Voters Decide on Health-Related Ballot Proposals

November 12, 2020|10:38 a.m.| ASTHO Staff

In last week’s election, voters in several states cast their ballots on proposals related to the use of legal and illicit drugs. These ballot proposals influence key public health issues such as tobacco control, substance use prevention and treatment, and mental health—with many of them implemented by state health agencies. Below is a brief summary of the proposals to increase tobacco prices, reallocate the use of tobacco settlement funds, allow the medical and non-medical use of marijuana, decriminalize and re-prioritize certain drugs offenses, increase addiction recovery services, and establish the use of psilocybin (i.e., a hallucinogenic chemical obtained from certain plants and fungi) for mental health conditions.

Tobacco price increases and tobacco settlement fund allocation
In Oregon, voters approved Measure 108 which would increase taxes on distributors of tobacco products and e-cigarettes. Cigarettes would increase from $1.33 to $3.33 per 20-pack, with e-cigarettes and other nicotine inhalants taxed at a rate of 65% of the wholesale sales price. The cigar tax would increase to 65% of wholesale prices, not to exceed $1.00 per cigar. Revenues will be applied to the administration and enforcement of the tax and any remaining funds are to go to the Oregon Health Authority for medical and healthcare-assistance programs, including mental health services, tribal health providers, and other tobacco and nicotine prevention and treatment programs.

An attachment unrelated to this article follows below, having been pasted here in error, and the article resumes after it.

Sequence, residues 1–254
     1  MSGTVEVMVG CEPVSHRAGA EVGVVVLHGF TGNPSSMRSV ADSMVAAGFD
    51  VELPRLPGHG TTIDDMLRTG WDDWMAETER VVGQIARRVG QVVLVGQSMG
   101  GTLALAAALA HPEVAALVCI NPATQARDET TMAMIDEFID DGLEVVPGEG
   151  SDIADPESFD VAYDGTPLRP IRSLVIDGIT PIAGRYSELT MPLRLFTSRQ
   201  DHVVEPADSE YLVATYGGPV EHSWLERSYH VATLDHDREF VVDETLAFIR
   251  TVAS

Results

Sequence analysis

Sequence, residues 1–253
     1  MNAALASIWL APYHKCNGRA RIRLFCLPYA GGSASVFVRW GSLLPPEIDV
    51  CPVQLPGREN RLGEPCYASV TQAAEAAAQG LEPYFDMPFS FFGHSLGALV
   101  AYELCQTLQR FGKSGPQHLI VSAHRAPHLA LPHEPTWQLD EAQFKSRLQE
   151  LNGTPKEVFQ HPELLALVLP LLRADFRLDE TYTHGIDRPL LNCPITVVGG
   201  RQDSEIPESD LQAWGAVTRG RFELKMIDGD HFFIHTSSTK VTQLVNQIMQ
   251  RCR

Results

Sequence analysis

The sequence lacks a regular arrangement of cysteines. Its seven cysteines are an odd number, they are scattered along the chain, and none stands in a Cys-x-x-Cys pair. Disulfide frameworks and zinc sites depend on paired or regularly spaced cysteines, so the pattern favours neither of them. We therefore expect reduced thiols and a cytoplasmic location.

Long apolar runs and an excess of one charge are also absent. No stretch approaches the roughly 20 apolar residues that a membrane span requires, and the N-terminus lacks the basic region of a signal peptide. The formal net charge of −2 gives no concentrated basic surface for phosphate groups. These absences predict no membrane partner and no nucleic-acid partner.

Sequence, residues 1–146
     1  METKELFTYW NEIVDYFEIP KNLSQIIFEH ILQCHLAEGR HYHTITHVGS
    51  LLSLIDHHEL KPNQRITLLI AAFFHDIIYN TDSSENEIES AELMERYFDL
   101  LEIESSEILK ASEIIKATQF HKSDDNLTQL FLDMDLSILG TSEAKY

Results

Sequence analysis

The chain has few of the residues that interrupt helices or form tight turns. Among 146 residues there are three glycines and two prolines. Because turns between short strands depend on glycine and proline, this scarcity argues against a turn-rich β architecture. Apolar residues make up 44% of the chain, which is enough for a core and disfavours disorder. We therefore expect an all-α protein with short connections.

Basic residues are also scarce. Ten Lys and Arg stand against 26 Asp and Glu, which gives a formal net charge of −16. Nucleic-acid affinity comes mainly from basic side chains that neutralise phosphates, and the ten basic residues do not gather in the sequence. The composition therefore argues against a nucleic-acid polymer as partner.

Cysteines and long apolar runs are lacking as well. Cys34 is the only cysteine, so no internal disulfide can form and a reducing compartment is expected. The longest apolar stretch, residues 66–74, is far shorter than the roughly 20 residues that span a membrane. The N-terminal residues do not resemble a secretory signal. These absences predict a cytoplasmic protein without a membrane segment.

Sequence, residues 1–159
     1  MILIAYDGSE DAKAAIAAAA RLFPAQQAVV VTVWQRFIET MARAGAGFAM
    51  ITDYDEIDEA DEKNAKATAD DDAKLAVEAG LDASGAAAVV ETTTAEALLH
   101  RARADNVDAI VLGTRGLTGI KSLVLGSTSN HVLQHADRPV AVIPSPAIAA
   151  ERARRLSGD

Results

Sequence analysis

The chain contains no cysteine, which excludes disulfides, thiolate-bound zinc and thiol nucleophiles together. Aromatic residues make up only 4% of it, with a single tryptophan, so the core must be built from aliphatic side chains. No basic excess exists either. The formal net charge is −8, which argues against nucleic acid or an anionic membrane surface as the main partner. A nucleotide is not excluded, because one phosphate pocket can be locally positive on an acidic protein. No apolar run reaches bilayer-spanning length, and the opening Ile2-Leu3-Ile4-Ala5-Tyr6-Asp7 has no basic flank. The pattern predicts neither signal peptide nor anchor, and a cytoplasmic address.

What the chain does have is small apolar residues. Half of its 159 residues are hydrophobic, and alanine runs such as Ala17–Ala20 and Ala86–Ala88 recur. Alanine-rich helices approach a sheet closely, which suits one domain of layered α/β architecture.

Voters in Colorado approved Proposition EE to incrementally increase cigarettes per pack and incrementally raise the tax rate on other tobacco products to 62% by 2027. The rate on authorized modified risk tobacco products will increase to 31% by 2027. A new tax on nicotine products such as e-cigarettes would be created and begin at 30% and increasing to 62% by 2027.

Question 814 in Oklahoma was defeated by voters. Currently, 75% of the funds the state receives from the 1998 Master Settlement Agreement (MSA) amount is deposited in the state’s Tobacco Settlement Endowment Trust Fund for tobacco use prevention and smoking cessation programs. The measure would have reduced the amount deposited to the fund to 25% of the annual MSA payment and the remainder would be directed to the state’s Medicaid match funding.

Medical use of marijuana
Before the election, the medical use of marijuana was authorized in 33 states, D.C., Guam, Puerto Rico, U.S. Virgin Islands, and the Northern Mariana Islands. After last week’s results two more states, Mississippi and South Dakota, will allow the medical use of marijuana.